Smart contracts contain an internal memory that has their code. The code is automatically executed when preset or predetermined conditions are met. These conditions can either be internal or external. If the code for the smart contract requires an external source to discern if the conditions are met, it will utilize an oracle or source of knowledge. An oracle can be anything that will provide data; for example, it can be a data feed providing real-time weather updates. Going by this scenario, this particular oracle would be helpful if the smart contract were executing an insurance contract intended for crops. The contract can then look something like this: “If the temperature drops below 30 degrees for more than 2 hours, release $4,000 to Alvin.”
What is cryptocurrency?
Also known as digital currencies, virtual currencies, or tokens, cryptocurrencies are not like U.S. dollars, Malaysian ringgit, or Indonesian rupiahs in the sense that they’re online and are not backed by any government. Instead, they are handled by their respective computer networks. They are considered restricted entries in a database and, in order to change these entries, very specific conditions must first be met. Built utilizing cryptography (the art or writing and solving codes), the entries are therefore secured using math and not with people.
You can think of it as a special type of database that functions and is shared by a peer-to-peer network. In the given example above, when you send bitcoins to a friend, you’re essentially creating and sending a restricted entry into your bitcoin network. And, just like explained earlier, the network then makes sure you don’t send the amount twice or incorrectly to someone else – “double spending.”
What are the basic characteristics of cryptocurrency?
One cryptocurrency is essentially a little different from another, but they do share common characteristics. Here are some of them.
They’re irreversible. Once you’ve sent a cryptocurrency and the network has already confirmed it, there’s no going back. You can’t retrieve a transaction or make changes to it. It’s very important to note that cryptocurrencies are basically done one way.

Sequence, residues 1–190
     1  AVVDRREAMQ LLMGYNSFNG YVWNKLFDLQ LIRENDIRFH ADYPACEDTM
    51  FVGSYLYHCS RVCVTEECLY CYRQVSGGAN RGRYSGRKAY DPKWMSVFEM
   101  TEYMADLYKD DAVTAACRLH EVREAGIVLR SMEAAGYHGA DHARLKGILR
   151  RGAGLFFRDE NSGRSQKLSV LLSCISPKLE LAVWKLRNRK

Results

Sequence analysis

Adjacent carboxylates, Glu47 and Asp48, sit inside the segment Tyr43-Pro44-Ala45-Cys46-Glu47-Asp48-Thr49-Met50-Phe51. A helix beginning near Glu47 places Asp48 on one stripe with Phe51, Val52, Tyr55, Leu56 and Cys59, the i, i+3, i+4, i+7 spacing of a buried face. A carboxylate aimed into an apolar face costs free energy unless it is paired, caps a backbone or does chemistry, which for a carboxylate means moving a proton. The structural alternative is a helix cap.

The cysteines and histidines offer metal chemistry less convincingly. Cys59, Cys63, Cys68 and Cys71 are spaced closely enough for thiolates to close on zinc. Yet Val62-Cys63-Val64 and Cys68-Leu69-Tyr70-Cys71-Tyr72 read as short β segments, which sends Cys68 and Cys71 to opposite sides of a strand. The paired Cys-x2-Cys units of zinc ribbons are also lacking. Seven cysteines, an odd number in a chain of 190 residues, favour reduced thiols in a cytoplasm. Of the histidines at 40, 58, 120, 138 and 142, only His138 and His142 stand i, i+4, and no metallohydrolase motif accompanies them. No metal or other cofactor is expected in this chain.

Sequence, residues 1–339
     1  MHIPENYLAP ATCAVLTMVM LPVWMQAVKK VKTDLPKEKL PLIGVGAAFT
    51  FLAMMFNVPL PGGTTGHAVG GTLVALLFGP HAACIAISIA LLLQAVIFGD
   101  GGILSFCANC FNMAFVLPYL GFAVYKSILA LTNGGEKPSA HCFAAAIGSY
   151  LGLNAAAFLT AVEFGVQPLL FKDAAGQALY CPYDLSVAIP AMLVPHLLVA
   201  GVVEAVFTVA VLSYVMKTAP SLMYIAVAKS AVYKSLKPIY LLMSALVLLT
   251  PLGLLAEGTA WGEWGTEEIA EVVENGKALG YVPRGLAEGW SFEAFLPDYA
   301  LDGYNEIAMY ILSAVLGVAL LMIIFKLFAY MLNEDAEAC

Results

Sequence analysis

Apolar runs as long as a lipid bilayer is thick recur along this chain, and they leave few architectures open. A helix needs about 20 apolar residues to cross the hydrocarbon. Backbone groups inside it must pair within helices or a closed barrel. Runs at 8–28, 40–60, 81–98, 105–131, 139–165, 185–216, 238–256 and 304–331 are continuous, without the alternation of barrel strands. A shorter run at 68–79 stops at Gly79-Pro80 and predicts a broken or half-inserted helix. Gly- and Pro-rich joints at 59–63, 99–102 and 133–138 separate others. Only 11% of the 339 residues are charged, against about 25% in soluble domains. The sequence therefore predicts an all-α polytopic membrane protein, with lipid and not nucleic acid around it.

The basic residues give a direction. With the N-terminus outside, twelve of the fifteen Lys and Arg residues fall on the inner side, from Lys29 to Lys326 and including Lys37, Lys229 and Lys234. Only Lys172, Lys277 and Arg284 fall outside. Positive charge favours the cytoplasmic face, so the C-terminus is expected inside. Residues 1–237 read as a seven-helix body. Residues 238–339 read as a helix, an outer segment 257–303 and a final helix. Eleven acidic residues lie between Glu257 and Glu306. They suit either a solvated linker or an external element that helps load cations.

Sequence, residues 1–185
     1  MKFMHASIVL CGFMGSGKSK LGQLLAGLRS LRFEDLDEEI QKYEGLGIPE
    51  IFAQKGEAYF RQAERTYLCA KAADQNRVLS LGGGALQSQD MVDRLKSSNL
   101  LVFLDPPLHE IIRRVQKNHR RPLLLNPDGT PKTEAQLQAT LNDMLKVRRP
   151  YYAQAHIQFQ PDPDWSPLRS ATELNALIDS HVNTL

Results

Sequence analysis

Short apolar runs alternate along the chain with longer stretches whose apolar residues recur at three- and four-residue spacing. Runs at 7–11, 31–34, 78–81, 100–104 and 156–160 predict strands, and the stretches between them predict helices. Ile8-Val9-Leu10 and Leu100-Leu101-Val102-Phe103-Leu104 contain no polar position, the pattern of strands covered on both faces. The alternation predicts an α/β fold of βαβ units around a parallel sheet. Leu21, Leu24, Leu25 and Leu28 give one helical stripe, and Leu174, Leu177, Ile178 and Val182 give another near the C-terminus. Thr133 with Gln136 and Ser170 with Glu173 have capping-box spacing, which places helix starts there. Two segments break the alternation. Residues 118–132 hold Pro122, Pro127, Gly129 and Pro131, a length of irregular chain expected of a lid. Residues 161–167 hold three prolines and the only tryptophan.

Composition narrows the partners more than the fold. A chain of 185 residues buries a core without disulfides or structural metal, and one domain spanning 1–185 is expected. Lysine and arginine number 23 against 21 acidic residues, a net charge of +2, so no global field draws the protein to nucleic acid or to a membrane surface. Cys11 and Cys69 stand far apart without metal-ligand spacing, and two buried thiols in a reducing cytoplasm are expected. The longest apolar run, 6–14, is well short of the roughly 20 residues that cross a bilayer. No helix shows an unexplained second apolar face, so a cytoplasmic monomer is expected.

They’re anonymous. It’s possible for anyone to open a wallet, without the need for ID. The stage or level of anonymity, however, will largely depend on which token you’re trying to utilize.
They’re global and easily accessible. Entries are immediately broadcasted across the network, and they’re confirmed in just a few minutes.
They’re constructed and designed to be very secure. Cryptocurrencies utilize the latest in cryptographic techniques and they’re generally safe. That being said, it’s still in the early stages of development and there’s generally a lot of improvement to look forward to.
Everyone starts out at the beginning of something, and that doesn’t necessarily have to be a discouraging notion. Instead, you can use that as a good foundation to learn new things, challenge yourself, and step out of familiar territory.
As a business owner, are you already familiar with blockchain? If you are, have you taken steps to learn more about it, or maybe even taken steps to incorporate it into your business in the foreseeable future? Share your thought and insights with us in the comments.
Note: FLOChip has repositioned itself as a software development agency. Thus, moving forward our blogs will be focusing on bitcoin, blockchain, and other tech related topics. Enjoy reading!